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Yu Ting


									                A reflection on David Malouf’s Fly Away Peter

    Fly Away Peter is a short chronicle of important events in the lives of Jim Saddler,
a plain Australian who has a passion for bird watching. Themes of the novel are
unveiled through the growth of the central character. Jim Saddler, the protagonist, is
an innocent and self-contained young man living on the coast of Queensland, with a
profound understanding of the bird life. Actually, everybody in the town is happy and
at peace with themselves and nature. People enjoy the simple pleasures of life. Their
days are filled with peaceful walks in the bush, bird watching and fishing. Jim and his
friends especially enjoy the serenity of the sanctuary and the wonders of nature that it
holds until such idyllic life is disrupted by the outbreak of the First World War in
    The grim reality of war and the ensuing suffering is a striking theme in this story.
Malouf portrays the horror and absurdity of the First World War through the
disturbing descriptions of the dirty trenches and Jim’s miserable experiences. War in
the trenches of Europe is hellish. Everyday there are soldiers die in action, of wounds
and diseases. On Jim’s arrival at the front, he is coated by the blood of his friend
Clancy, who is blown out of existence by an unexpected shell lands. Subsequently
young Eric dies slowly of the infection after losing both legs. The ‘innocence’ of the
young man seems to be eclipsed by the horrific reality of the Great War. Jim comes to
recognize, ‘he had been living till he comes here, in a state of dangerous innocence’.

     Nothing counted. The disintegrating power of that cruelty in metallic form, when it hurled

     itself against you, raised you aloft, thumped you down like a sack of grain, scattered you as

     bloody rain, or opened you up to its own infinite blackness--nothing stood before that. It was

     annihilating. It was all. (黄源深 , 1996:609)

     The description of the gruesome realities of the living and dying at the front are
gut-wrenching. ‘The immense and murderous machine that was in operation up ahead
would require more and more men to work it, more and more blood to keep it
running’ (黄源深 , 1996:607). On the battlefield, peaceable farmers, cattlemen, clerks,
plumbers all become soldiers. They are reduced to a ‘general man from whom all
private and personal qualities had been removed’. Signs of cruelty can likewise be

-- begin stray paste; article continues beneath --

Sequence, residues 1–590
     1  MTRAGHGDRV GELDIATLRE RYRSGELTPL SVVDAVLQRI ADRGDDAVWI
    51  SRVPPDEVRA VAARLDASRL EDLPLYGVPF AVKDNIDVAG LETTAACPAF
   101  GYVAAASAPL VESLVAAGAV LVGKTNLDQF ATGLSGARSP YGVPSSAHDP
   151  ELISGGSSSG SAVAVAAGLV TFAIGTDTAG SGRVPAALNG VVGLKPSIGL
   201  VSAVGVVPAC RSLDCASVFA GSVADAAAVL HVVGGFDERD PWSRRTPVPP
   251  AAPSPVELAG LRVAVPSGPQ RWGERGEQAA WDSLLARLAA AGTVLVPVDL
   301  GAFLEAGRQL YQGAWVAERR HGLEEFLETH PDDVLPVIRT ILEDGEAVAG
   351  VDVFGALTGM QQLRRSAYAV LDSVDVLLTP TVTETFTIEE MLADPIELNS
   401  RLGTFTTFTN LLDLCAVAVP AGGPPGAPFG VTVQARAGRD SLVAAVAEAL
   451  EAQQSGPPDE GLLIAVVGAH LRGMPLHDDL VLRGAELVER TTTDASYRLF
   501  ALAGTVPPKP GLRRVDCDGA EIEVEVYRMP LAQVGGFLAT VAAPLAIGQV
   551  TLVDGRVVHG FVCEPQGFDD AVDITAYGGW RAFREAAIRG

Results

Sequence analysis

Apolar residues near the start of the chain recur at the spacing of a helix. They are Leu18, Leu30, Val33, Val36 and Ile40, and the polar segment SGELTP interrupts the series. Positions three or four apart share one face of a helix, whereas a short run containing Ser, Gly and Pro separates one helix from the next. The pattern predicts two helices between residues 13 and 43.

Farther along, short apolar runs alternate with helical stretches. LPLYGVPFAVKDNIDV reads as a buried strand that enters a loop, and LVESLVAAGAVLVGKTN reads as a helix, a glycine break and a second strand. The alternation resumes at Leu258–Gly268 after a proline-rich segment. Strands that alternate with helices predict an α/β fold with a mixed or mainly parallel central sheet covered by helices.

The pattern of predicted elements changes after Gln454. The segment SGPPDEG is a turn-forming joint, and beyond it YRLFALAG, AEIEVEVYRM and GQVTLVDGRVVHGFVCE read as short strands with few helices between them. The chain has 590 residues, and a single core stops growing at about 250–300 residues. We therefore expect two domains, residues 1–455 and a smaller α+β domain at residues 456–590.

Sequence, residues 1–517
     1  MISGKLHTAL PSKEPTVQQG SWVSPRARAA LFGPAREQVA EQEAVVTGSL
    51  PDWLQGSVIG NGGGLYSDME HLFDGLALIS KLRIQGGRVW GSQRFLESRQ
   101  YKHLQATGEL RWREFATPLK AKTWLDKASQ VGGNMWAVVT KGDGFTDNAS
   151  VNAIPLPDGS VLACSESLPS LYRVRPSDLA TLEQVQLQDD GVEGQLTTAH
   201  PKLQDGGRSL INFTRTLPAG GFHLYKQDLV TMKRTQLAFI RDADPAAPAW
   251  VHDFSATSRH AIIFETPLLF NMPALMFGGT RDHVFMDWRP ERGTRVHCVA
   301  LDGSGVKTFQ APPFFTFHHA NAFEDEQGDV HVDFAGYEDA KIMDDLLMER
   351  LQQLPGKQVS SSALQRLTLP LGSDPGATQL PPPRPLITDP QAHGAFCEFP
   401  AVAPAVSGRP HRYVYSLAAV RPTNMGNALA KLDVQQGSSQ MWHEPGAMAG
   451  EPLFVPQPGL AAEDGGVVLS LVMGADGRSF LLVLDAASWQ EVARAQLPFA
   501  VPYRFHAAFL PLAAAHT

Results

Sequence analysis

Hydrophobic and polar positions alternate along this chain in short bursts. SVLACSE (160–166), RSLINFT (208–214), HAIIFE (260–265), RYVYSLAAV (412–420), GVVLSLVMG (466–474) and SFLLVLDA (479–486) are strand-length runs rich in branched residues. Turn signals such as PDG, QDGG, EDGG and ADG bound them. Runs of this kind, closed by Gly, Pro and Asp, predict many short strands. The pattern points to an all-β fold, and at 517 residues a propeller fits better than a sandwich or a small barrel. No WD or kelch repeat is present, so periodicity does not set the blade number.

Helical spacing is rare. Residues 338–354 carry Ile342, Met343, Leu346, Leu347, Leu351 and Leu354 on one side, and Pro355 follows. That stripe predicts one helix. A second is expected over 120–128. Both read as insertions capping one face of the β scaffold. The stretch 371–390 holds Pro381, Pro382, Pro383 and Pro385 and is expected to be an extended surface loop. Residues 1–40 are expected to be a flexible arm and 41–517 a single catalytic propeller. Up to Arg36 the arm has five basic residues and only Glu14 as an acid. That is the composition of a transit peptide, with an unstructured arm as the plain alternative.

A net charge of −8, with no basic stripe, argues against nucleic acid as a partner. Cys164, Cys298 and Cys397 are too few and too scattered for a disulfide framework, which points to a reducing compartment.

seen in the kestrel Jim found ‘once with a tin tied to its leg, a rolled-up sardine-tin still
with its key’ (黄源深 , 1996:608), the witness of his younger brother’s death under the
harvester he is driving and the old man digging in the blasted wood. Jim’s military
service essentially evokes his inner consciousness. ‘It was of a kind that could blast
the world’. From the beginning of the novel, Jim is frightened by his father’s violent
nature and shows his abhorrence of violence. He realizes during the war that the
ongoing violence will never cease. Through his voyage of realization, we are
confronted with a philosophical approach to the meaning of life and death----the
inevitability of death and the unstoppable movement of the time.
     The novel is written in a third person narrative voice, which gives the reader a
realistic insight of war through the horrors of European trenches. The author depicts
the war scenes in the eyes of two young men, Jim Sadler and Ashley Crowther, who
migrate to the front line when the war breaks out and inevitably become the cogs in
the machinery of war. Besides, a number of contrasts and symbolisms are used in this
story to express author’s opinions towards the war, such as the tranquil life of the
swamp in Queensland and the horror of trench warfare, life and death, innocence and
experience. In addition, the migration of the bird in the novel is symbolic, echoing
Jim’s journey to the battlefield. As the soldiers from all over the world travels to the
front to fight for their countries, the birds are similarly migrating for the change of
seasons. The understated implication of this contrast is that the birds will all be
returning while the most soldiers will never return their home. The author again
exposes the destructive effect of war to humans.
In spite of the cruelty of the war, the novel still implies the human’s wish to build
from experience a new picture of the world and bring something new in our
awareness of life, like the birds existing unaffected by the war. The birds can still
regenerate and live the way nature intended them to despites the chaos, death and
horrors. This theme is reflected in the pervasive image of the migratory birds. ‘Even
here, in the thick of the fighting, there were birds’. And it’s all the same to Jim. In the
awful war-stricken place, the bird is the only thing he can still find comfort in, and
which reminds him of his peaceful life on the Queensland. After seeing the local
farmers trying to make their livelihood amid the chaos, Jim begins again to make a
record of the birds. At the end of the novel when Miss Harcourt hears about the news
of Jim’s death she is led to contemplate the fact that the past cannot be held or
brought back. Life moves on and there are always new things to contemplate. There is
a sense of the rebirth of Jim spiritually in Miss Harcourt’s mind. Jim’s journey of self
discovery provides a vehicle for the author to deliver his messages portraying the
transient nature of human beings existence and insignificance of individual life.

1. Davie, M, 1982: Fly away Peter, Geoge Braziller, New York
2. 黄源深. 澳大利亚文学选读,上海外语教育出版社, 1996
3. Peter, O, 2009: Rereading David Malouf’s Fly Away Peter: the great war, aboriginal
   dispossession, and the politics of remembering, Australian Literary Studies


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